The imposing and impressive ruins of the Roman town Ulpia Oescus are located near the village of Gigen in northern Bulgaria, at the confluence of the Iskar river and the Danube. The town was established in 106 AD in the province of Moesia Inferior and was granted the status of a colony by Emperor Trajan in honour of his victory over the Dacians. Ulpia Oescus was built on the former camp of the Fifth Macedonian legion which was positioned here with a canabae (civilian settlement) in late-Augustan times.
Coordinates: 43°42’28.6″N 24°28’00.2″E
In the 1st century AD, Oescus was an important military post that protected the Danube Limes road to Trimontium (modern-day Plovdiv). It was at this time that the Romans began to build a strong defensive system of fortresses on its northern border to protect them from attacks of barbarian tribes. Oescus thus became a main military point and the camp of two Roman legions, the Legio IV Scythica and the Legio V Macedonica which maintained its permanent military encampment at this site until 101 AD.
The early military camp of the 1st century is now localized precisely under the ruins of the colony built over the subsequent century. The epigraphic monuments of veterans of the necropolis of Oescus also provide information about the early military camp, the canabae and the presumed vicus. In 96 AD, the later emperor Hadrian served the fifth Macedonian legion as tribunus militum in Oescus.
After his victory over the Dacian tribes, Trajan turned the military camp into a town centre and directly elevated it to a colonia, the highest rank of provincial government. The name of the colony – Colonia Ulpia Oescensium – is mentioned for the first time in an inscription from the time of Hadrian.
Ulpia Oescus flourished in the 2nd-3rd century AD as a major city in the Roman province of Moesia Inferior during the times of the Antonines (r. 117-192 AD) and the Severans (r. 193-235 AD) dynasties. The town had a typical Roman urban planning with a rectangular shape and streets oriented east-west and north-south and covered an area of about 28 hectares. The streets were covered with stone slabs under which laid a water supply system and sewage channels. About one-third of the city was occupied by public buildings and the rest by workshops and houses. At its peak, Ulpia Oescus had a population of about 100,000.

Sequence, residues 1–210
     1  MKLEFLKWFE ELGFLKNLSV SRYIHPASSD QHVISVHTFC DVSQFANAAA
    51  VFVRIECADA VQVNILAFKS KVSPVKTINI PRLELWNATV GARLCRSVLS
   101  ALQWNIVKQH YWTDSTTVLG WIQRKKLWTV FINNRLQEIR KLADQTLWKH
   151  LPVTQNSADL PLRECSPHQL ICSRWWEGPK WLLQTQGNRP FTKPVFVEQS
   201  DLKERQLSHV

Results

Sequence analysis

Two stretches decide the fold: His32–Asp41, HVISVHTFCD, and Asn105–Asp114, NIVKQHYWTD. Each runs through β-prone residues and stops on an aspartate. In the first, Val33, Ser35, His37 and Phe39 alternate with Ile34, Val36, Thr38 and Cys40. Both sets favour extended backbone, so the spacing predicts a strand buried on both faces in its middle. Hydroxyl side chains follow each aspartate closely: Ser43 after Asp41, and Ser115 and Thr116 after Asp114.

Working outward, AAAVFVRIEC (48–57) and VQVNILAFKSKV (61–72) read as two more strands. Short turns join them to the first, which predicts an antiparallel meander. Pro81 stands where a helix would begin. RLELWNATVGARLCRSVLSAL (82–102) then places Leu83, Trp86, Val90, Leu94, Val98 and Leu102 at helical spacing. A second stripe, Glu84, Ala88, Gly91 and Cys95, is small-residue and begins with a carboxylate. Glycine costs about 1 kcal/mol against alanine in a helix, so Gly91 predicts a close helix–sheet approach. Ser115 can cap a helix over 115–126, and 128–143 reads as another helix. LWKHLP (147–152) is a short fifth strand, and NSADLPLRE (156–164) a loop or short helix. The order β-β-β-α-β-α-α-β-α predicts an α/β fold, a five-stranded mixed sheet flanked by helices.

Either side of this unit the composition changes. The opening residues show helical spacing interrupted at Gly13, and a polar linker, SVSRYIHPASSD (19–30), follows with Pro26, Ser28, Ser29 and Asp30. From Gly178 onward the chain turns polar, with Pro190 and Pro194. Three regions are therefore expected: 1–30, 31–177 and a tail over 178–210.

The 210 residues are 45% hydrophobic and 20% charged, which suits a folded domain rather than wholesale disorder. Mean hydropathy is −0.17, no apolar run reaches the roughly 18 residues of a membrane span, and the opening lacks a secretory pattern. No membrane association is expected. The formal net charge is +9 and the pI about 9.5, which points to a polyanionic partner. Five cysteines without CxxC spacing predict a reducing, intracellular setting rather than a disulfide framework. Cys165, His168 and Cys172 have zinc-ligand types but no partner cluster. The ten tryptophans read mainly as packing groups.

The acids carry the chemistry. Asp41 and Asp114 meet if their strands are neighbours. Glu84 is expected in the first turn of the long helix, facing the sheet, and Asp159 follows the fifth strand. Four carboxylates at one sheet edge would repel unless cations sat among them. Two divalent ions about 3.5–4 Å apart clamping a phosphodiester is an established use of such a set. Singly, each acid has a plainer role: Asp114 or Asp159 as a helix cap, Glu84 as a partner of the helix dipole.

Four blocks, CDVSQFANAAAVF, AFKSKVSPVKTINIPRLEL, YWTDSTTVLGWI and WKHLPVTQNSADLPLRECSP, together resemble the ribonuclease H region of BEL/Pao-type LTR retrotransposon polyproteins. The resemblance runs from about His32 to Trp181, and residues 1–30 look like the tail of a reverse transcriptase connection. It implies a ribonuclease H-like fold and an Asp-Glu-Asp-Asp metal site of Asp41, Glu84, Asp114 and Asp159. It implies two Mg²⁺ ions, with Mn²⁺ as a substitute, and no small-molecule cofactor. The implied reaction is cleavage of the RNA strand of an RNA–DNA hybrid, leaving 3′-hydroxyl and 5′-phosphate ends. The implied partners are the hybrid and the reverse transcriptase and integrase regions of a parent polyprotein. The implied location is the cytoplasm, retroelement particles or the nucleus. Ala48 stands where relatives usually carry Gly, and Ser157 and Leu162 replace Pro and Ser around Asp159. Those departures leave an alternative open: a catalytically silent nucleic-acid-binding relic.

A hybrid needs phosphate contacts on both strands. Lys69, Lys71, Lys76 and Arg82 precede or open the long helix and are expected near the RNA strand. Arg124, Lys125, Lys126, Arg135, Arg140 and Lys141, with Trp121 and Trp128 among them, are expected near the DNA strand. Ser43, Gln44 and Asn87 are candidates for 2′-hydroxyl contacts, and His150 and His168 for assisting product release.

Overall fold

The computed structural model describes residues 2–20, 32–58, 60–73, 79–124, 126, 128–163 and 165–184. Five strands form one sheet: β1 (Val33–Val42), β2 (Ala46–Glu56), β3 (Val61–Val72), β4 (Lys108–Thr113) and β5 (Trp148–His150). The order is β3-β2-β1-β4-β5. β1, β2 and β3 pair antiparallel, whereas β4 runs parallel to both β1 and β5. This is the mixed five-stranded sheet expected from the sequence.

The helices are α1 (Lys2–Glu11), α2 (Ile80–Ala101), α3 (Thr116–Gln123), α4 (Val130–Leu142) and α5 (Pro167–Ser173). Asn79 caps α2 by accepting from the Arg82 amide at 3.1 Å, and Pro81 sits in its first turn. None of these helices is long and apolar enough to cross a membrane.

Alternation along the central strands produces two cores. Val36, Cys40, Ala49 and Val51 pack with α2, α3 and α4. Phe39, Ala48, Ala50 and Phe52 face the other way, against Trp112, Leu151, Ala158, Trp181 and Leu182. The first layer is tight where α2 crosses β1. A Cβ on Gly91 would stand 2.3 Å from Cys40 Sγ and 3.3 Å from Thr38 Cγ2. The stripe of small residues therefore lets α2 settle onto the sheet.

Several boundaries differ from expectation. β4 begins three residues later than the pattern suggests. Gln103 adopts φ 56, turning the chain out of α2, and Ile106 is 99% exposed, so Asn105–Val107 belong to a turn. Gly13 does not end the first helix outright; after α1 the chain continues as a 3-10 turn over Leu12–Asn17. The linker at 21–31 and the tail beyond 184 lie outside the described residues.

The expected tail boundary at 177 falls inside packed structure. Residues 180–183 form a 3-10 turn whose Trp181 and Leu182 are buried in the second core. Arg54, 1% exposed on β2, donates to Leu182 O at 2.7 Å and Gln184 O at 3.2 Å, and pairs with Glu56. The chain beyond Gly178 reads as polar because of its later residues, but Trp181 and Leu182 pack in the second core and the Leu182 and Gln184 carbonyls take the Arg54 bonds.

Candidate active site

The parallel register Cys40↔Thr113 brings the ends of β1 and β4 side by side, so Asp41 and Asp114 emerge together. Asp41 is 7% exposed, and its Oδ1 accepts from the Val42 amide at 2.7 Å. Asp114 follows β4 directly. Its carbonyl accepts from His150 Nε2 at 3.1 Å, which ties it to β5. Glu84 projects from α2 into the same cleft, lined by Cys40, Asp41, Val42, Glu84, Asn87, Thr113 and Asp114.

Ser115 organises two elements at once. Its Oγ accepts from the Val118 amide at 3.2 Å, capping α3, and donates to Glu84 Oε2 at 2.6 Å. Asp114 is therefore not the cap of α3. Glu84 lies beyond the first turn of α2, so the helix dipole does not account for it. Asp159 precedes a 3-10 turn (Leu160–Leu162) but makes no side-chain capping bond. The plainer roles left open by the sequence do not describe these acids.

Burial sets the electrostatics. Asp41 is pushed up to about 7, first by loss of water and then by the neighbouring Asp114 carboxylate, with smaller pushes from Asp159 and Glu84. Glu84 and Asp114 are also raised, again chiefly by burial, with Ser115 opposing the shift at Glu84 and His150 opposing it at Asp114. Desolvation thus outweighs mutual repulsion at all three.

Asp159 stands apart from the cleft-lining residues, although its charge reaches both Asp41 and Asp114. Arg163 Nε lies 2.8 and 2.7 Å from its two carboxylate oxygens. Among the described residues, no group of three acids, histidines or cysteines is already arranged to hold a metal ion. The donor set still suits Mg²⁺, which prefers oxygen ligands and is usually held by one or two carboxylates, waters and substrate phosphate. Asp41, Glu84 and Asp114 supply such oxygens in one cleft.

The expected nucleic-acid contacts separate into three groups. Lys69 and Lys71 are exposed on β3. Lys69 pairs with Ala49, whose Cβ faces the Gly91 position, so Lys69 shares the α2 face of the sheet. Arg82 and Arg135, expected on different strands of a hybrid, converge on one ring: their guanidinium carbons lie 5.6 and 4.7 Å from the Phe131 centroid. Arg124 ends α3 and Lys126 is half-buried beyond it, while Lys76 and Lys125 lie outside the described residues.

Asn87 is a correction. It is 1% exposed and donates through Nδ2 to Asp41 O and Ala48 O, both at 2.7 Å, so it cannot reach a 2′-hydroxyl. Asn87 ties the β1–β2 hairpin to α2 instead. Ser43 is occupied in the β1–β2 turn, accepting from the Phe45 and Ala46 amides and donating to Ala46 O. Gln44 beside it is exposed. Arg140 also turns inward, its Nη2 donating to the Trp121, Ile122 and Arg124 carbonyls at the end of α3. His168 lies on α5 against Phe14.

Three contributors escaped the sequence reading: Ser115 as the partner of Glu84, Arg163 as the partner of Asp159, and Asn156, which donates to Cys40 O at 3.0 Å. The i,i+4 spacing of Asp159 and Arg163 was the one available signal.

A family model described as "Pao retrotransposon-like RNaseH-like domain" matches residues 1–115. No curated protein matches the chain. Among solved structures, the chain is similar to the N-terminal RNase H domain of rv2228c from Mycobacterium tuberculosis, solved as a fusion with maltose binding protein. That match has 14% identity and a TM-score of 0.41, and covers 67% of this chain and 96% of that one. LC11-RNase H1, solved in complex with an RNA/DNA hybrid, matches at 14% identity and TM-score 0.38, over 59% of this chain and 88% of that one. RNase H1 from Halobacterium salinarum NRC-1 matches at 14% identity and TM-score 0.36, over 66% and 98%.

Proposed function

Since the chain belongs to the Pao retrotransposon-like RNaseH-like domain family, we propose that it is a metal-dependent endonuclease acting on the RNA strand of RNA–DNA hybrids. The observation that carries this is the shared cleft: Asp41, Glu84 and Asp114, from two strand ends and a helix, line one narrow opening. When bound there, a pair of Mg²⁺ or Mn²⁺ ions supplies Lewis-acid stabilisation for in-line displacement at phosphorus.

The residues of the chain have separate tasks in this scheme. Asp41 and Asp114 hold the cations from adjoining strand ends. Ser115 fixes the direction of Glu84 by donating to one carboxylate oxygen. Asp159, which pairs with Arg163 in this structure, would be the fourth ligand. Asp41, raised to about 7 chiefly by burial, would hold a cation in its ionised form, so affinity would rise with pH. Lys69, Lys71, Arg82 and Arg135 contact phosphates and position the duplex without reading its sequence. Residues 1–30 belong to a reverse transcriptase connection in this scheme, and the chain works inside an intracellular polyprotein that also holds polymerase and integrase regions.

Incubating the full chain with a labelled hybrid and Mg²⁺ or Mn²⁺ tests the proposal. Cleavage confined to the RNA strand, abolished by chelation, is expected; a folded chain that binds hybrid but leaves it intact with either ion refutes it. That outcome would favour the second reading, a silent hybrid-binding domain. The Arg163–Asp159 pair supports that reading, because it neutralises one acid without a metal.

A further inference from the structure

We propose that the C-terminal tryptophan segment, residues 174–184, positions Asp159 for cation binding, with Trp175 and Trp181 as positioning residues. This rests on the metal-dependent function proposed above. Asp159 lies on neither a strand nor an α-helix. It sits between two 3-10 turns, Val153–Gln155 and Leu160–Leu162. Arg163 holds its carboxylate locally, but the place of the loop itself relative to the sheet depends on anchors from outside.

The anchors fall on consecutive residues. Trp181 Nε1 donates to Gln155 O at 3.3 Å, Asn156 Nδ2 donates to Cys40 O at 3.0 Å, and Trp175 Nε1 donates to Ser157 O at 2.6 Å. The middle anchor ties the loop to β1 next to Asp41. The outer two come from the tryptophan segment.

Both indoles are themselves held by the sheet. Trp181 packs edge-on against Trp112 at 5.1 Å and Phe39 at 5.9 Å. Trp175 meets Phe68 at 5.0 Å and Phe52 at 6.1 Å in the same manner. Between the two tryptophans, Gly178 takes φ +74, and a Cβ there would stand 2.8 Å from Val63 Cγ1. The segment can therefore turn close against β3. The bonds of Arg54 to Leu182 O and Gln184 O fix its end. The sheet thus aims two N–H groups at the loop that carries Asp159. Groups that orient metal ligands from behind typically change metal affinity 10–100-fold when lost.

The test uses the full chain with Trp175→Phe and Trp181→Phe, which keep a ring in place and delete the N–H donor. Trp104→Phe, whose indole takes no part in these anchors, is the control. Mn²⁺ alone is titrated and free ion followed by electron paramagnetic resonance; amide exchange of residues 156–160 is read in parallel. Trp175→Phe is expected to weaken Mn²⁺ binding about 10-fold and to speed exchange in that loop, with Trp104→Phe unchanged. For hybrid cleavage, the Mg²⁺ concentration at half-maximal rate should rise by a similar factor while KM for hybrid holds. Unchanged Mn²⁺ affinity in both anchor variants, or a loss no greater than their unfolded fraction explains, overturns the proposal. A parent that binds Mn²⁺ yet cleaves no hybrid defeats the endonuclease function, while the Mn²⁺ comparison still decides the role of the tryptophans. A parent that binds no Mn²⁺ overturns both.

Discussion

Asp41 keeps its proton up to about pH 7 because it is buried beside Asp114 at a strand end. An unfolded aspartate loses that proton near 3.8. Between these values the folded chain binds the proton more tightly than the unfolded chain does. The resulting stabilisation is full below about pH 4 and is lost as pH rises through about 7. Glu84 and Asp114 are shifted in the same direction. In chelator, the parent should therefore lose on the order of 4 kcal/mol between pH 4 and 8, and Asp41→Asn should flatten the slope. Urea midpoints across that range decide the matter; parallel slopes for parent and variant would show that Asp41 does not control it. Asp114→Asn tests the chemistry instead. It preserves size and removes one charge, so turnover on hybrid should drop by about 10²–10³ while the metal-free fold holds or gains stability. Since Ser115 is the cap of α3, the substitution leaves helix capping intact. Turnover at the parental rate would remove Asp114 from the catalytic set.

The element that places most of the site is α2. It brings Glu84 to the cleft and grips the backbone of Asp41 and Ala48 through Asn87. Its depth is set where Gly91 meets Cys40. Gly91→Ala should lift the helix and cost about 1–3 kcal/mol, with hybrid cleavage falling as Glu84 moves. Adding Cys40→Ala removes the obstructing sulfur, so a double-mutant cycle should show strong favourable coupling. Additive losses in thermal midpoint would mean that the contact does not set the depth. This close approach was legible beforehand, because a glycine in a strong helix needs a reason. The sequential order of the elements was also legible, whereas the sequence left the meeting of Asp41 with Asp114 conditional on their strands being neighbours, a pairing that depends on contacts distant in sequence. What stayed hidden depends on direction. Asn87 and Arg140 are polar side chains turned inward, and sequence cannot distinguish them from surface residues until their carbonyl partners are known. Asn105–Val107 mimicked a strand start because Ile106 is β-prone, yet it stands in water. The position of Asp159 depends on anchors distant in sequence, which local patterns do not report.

The town flourished again at the beginning of the 4th century AD during the reign of Constantine the Great when the capital of the Roman Empire was moved to Constantinople and a stone bridge was erected over the Danube (officially inaugurated on 5 July, 328 AD in the presence of the emperor) between Sucidava (present-day Romania) and Oescus. The town was partly destroyed in the 5th century AD by the Huns, and rebuilt under Justinian in an attempt to re-establish Oescus as the stronghold of the Danube defence system. However, all the efforts were stopped in late 585 and early 586 AD by the invasion of the Avars.
The archaeological excavations have revealed the city’s forum, the temples of the Roman deities from the Capitoline Triad –Jupiter, Juno, and Minerva- (built in 125 AD during the reign of Hadrian), a large basilica (built in 135 AD), thermae, and other public buildings. In 1948, the mosaic known as “The Achaeans” was discovered. It is currently on display, along with many other of the site’s artefacts, at the Pleven Regional Historical Museum. Other artefacts from the site, such as a statue of the goddess Fortuna, are on view at the National Archaeological Museum in Sofia. Most of the inscriptions and monuments belong to the 2d century AD and give evidence of people coming from Asia Minor and from the province of Gaul, the establishment of the city, and numerous religious cults including Mithras.